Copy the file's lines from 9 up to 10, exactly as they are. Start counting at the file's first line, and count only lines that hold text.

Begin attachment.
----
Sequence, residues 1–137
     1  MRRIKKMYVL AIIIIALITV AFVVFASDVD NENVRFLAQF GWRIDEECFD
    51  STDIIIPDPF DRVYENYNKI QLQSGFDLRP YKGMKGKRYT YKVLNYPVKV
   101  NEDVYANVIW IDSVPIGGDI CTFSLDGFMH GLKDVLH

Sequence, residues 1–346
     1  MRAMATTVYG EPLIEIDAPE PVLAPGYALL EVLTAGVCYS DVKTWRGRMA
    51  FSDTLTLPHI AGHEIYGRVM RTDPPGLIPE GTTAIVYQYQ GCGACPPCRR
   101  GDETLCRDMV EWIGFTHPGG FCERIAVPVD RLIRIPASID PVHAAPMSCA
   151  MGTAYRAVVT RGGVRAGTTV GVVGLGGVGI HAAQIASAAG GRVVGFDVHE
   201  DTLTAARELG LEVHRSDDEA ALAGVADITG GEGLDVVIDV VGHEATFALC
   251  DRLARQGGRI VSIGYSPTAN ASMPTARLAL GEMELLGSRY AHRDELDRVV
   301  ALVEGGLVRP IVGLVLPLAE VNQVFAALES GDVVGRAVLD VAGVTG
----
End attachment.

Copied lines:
   151  MGTAYRAVVT RGGVRAGTTV GVVGLGGVGI HAAQIASAAG GRVVGFDVHE
   201  DTLTAARELG LEVHRSDDEA ALAGVADITG GEGLDVVIDV VGHEATFALC